A visual sitemap is a diagram of your website’s structure. It shows which pages you’ll have and how people will move from one page to another. Using a web builder like Divhunt, you can create a site directly from a sitemap without wireframes or mockups.
Setting Up Information Architecture
Consider the website as a whole - how all elements come together to create a coherent user experience. Provide meaningful choices to users. Reveal information progressively. Focus on navigation that’s relevant to the user’s context. Information Architecture is about making your website as easy and pleasant as possible.
Planning a Website Layout
Various website layouts serve different purposes. Grid layouts can be visually exciting and help focus attention on specific elements. Full-screen layouts are ideal for storytelling or presentations.
Alternating layouts are standard for explaining product features. Card-based layouts have clickable summaries, which are best for product listings or blog posts. Hero layouts use large images with text overlays to make a bold statement.
Ensure that the chosen layout adapts well to various screen sizes. Single-column layouts allow mobile users to scroll through content quickly.
A good layout has an intuitive navigation path for users. It maintains a visual hierarchy, prioritizing the most important elements. Proper use of white space can make your website feel open and uncluttered.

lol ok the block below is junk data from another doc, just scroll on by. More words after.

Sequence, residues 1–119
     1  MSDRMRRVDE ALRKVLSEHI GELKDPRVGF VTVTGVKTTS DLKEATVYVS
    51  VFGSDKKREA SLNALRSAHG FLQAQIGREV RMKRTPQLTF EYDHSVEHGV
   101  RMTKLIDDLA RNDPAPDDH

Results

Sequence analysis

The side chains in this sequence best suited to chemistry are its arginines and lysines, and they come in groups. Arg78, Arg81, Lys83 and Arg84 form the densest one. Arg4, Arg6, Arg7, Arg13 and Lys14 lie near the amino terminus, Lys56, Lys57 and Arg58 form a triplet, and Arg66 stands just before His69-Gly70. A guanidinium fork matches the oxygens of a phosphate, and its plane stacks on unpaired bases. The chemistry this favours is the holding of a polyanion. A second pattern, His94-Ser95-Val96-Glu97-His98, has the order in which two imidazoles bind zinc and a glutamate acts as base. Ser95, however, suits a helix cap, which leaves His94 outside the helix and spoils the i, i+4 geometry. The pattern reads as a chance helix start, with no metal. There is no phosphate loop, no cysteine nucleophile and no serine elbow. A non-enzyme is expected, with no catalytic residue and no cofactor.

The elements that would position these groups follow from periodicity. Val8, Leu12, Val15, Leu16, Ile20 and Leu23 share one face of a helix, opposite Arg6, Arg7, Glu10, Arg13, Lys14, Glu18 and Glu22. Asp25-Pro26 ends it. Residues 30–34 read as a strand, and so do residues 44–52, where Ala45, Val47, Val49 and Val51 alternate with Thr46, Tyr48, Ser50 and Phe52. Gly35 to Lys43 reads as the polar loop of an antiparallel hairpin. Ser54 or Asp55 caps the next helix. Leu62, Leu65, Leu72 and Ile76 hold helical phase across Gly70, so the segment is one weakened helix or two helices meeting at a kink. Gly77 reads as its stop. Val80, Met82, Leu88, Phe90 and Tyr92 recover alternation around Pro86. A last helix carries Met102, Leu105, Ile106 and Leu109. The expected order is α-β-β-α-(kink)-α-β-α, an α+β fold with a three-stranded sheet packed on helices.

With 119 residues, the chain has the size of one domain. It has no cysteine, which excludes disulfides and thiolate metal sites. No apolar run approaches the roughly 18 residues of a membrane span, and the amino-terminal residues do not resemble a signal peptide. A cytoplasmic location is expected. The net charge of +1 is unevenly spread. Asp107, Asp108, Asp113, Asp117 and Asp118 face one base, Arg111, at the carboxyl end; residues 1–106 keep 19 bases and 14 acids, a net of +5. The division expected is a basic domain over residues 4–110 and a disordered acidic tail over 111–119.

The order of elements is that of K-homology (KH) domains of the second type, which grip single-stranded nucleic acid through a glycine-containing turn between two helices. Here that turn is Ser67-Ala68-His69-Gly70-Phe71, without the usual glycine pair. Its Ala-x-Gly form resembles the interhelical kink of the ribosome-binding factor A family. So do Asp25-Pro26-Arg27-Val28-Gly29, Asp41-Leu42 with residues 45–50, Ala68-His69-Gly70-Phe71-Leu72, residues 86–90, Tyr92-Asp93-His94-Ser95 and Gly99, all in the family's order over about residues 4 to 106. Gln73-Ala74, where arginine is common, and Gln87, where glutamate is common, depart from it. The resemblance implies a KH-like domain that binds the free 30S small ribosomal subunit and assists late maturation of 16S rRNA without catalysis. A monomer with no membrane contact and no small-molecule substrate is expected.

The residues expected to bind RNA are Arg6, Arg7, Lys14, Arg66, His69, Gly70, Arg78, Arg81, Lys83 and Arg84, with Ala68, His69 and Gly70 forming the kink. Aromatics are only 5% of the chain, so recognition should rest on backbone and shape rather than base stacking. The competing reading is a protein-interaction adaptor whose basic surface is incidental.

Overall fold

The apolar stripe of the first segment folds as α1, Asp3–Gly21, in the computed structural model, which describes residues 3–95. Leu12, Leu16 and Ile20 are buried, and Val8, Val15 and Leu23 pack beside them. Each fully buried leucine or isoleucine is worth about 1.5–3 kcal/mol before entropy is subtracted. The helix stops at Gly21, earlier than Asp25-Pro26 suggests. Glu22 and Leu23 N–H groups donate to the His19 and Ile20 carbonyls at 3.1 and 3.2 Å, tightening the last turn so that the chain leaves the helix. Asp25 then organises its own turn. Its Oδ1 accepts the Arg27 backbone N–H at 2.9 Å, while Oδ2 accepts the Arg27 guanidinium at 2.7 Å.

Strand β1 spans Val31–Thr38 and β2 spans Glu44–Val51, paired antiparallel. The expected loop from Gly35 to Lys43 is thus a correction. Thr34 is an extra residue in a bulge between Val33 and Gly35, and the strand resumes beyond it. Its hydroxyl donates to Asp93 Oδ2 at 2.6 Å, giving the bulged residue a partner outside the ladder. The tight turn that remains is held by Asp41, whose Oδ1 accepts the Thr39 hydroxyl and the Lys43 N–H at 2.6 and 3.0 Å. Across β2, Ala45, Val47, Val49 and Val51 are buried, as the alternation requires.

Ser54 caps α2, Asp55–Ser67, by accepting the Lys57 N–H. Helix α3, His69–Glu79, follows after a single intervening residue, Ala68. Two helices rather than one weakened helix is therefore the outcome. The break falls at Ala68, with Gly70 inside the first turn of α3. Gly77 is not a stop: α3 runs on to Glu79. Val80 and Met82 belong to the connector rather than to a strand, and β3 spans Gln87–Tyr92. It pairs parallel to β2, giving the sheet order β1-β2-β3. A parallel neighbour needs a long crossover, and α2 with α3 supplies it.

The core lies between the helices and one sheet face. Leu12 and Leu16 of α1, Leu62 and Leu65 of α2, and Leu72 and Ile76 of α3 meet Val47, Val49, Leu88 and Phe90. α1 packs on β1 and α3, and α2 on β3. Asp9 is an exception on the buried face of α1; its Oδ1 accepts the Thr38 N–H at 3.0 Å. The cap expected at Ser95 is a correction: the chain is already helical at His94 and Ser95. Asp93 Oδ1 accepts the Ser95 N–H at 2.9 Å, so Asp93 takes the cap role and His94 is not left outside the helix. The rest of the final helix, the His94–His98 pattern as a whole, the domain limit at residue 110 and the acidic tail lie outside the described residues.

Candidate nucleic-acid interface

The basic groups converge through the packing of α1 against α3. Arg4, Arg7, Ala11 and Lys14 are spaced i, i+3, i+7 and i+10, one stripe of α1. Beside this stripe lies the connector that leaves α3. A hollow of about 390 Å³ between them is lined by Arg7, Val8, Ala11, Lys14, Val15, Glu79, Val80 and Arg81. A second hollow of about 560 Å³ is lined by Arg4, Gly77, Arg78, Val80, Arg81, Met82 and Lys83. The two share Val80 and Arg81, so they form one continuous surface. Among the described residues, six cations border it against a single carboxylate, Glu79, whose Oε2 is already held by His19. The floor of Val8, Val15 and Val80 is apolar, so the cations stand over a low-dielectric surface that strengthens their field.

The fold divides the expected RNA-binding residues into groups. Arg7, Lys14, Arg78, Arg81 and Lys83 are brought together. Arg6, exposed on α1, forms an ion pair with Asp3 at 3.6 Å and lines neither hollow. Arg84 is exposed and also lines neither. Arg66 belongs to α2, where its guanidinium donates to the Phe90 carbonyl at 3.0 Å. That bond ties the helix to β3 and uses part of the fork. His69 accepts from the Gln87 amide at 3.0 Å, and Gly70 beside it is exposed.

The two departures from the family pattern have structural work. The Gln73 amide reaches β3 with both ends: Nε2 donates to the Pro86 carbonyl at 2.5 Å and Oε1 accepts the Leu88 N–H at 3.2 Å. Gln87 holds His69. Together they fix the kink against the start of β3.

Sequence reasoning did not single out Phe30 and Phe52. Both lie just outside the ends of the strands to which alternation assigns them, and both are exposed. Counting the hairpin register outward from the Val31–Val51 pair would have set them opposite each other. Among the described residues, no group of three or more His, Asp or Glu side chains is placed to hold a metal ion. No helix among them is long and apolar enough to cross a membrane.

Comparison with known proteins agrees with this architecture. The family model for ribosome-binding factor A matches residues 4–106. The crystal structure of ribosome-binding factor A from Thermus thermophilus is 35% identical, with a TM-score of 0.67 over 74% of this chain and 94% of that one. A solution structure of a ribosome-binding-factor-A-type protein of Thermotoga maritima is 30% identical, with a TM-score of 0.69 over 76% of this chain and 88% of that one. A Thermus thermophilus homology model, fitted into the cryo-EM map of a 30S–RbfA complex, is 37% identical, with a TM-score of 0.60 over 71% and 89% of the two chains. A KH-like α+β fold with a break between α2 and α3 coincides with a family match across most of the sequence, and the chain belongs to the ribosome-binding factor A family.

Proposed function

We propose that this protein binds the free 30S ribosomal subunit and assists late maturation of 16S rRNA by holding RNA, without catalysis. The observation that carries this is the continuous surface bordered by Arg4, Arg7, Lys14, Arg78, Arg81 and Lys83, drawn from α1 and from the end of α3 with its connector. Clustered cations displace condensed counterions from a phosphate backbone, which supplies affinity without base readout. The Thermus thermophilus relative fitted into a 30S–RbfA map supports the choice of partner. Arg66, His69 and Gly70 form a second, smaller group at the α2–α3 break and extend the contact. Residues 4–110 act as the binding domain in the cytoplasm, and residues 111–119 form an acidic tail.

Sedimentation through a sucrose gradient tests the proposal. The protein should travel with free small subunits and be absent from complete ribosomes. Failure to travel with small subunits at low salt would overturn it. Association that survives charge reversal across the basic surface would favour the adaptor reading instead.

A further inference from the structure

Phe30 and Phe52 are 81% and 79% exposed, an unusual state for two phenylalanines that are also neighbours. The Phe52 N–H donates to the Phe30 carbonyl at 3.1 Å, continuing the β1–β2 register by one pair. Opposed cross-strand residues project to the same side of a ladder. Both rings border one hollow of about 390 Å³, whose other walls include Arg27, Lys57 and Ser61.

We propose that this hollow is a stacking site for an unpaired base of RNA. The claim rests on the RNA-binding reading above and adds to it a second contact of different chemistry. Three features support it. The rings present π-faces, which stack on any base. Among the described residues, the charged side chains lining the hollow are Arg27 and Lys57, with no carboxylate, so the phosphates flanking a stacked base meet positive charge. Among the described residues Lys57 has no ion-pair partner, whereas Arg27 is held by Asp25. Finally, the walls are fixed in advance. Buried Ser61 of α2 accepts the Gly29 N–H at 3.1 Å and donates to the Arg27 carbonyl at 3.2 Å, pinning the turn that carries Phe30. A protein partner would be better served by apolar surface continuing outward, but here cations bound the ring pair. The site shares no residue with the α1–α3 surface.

Keep your layout clear and straightforward. Avoid overloading users with too much information or too many options. Ensure your layout is consistent throughout the website for a cohesive user experience. Design with all users so your website is accessible to people with disabilities.
A great website layout is user-friendly and aligned with the site’s goals and audience. It should guide visitors naturally through the content, emphasizing key elements and providing an enjoyable and efficient browsing experience.
Creating a content strategy involves organizing and effectively delivering your content. You need a great CMS system. You can build one yourself from zero or use web builders that have one.
Identify Your Content Goals
Start by defining what you want to achieve. To bring awareness to your brand. To educate about a field you work in. Compare your product with the competition or drive sales directly. Your goals will guide your Key Performance Indicators (KPIs).
Define Your Audience
Research demographics, audience needs, and preferences. This knowledge will shape the type and tone of the content.
Audit Existing Content
If you already have content, review it to identify what’s working and what’s not. It’ll help you understand what to keep, modify, or discard.
Create a Content Map
Develop a visual map that shows the structure and hierarchy of your content. It helps plan your layout and understand how different pieces of content relate.
Consistency in tone, style, and messaging is key. Vary the types of content (like blogs, videos, podcasts) to cater to different audiences. Ensure all content provides value, answers your audience’s questions, or solves their problems.
Measure and Adjust
Regularly review your content’s performance. Adjust your strategy based on metrics like page views, engagement, and conversion rates. Remember, a successful content strategy requires time, organization, and creativity.
Branding And Visual Design
Choose your logo, typography, color palette, graphic elements, and imagery. A logo acts as the face of your brand. Typography adds meaning to your text, and the color palette sets the mood. Graphic elements and imagery should align with your brand personality and values.
Branding is, of course, much more comprehensive than visual design. It’s a separate topic that would be useful to explore.